Ezra S Stearns.

Genealogical and family history of the state of New Hampshire : a record of the achievements of her people in the making of a commonwealth and the founding of a nation (Volume 4) online

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is continually undergoing changes for the better
both in regard to it's service and the character of
its equipment, and the high standard of excellence
which has been attained under the present super-
intendent, is certain to be maintained as long as he
chooses to direct its operation. He takes an ear-
nest interest in all matters relative to the welfare
and development of the city. In his religious faith
he is a Roman Catholic, and he is a member of St.
Tosenh's Parish. Mr. Maloney married Miss Mary
"E. Schoficld, and has one daughter. Helen.

This family is one of limited
BURLINGAME numbers, and although of an-
cient English origin is not
found among the early colonists of New England.
The distinguished diplomatic service of Anson Bur-
lingame forty years ago made the name familiar
to the civilized world.

(I) William A. Burlingame was father of:

(II) Andrew Jackson Burlingame, born in Bux-
ton, Maine, 1833, and died in Berlin, 1874. In 1859.
he settled in Berlin, and carried on a prosperous
lumber business for a number of years, retiring
some time before his death. In politics he was a
Democrat. He married Matilda W. Wilson, daugh-
ter of William A. Wilson.

(HI) William Wilson, son of Andrew J. and
Matilda W. (Wilson) Burlingame, was born ir. Ber-
lin, December 17, 1870. He was educated in the
common schools, the Berlin high school, and at
Burdette Business College in Boston. After leav-
ing the high school he ran a level for a line of
lumber railroad for a year. He has since been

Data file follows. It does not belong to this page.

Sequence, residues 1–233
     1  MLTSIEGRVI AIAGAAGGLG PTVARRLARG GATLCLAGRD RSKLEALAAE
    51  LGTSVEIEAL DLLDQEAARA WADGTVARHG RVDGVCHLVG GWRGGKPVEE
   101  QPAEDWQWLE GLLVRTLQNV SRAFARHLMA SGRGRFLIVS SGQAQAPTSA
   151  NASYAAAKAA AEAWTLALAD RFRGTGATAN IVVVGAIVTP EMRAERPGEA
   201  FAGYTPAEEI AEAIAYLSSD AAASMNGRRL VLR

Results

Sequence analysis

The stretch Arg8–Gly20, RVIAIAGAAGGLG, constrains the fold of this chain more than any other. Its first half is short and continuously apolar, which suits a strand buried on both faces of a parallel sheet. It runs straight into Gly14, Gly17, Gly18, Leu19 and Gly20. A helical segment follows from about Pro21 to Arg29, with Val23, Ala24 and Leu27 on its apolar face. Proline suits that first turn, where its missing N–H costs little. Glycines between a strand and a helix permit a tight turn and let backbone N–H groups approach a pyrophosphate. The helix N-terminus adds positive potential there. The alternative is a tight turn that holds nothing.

profitably engaged in the insurance business in
Berlin. In politics he is a Democrat, and was city
clerk- four terms, 1898-1902, and has been a member
of the board of trustees of the public library for
a number of years. He is a member of the Inde-
pendent Order of Odd Fellows, and Knights of
Pythias, and is treasurer of both local lodges.

In the last sixty years the Irish have
QUINN assisted very materially in the devel-
opment of this country by contributing
their labor in constructing and operating railroads
and factories, and erecting many public and pri-
vate buildings. The Quinn family of this article
have made a good record in these lines of employ-

(I) Michael, son of Thomas Quinn, was born
in county Cork, Ireland, April i, 1832, and died in
Keene, Nevv^ Hampshire, August 15. 1890. In 1S54
he came to America, and for a time was employed
at farm work, but soon went into the employ of
the Cheshire County Railroad Company, and after
working on the section went into the shops of that
company (now the Boston & Maine) and worked
at the trade of springmaker for thirty years. He
relinquished that occupation about two years be-
fore his death He married in Keene, Mary Joyce.
They had five children : Margaret, deceased : John
T., who is mentioned below ; James, deceased ; and
Mary and Brid.get, who lived in Keene.

(II) John Timothy, second child of Michael and
Mary (Joyce) Quinn, was born in Keene, Novem-
ber 27. 1863. • He learned the springmaker's trade,
and worked in the shops at the Chesire road, and
then engaged in the plumbing business, being em-
ployed seven years in Keene, three years in New
York City, and at Northfield and Bellows Falls,
Vermont, about a year each. In 1895 he took the
position of superintendent of the plumbing and
heating department of the Berlin Mills Company,
which he has since filled to the satisfaction of that
company He married Catherine E. Dolan, of Bos-
ton, Massachusetts. They have two children : John
Michael and James Morris.

This ancient and honorable cognomen
CADY was borne by early settlers in Massa-
chusetts. The Cadys of this article are
thought to have sprung from Nicholas Cady, of
Watertown, Massachusetts, who married Judith,
(he daughter of William Knapp Sr., and afterwards
moved to Grriton. Their children were: John,
Judith, James, Nicholas (died young), Daniel,
Ezekiel, Nicholas, and Joseph.

(I) Elisha Cadv resided in Stowe, Lamoille
county, Vermont, where he married Elizabeth

(II) Oral, son of Elisha and Elizabeth Cady,
was born in Stowe, December 22, 1822, and died
in Morrisville, 1898. At nineteen years of age he
started in business at Cady's Falls, and followed'



merchandising for years. He finally became a man-
ufacturer of starch and of lumber, a contractor and
a speculator in general produce. In political cir-
cles he was prominent. He was a member of the
general court in 1S68, high sheriff of Lamoille
county for a number of years, and trial justice
thirty years. He was not a member of any church,
but worshipped with the Universalists. He mar-
ried Ellen L. Smith, daughter of Daniel Smith, of
Vermont. They had two children: Elisha H., and
Plenny, who married T. Spalding, of Morristown.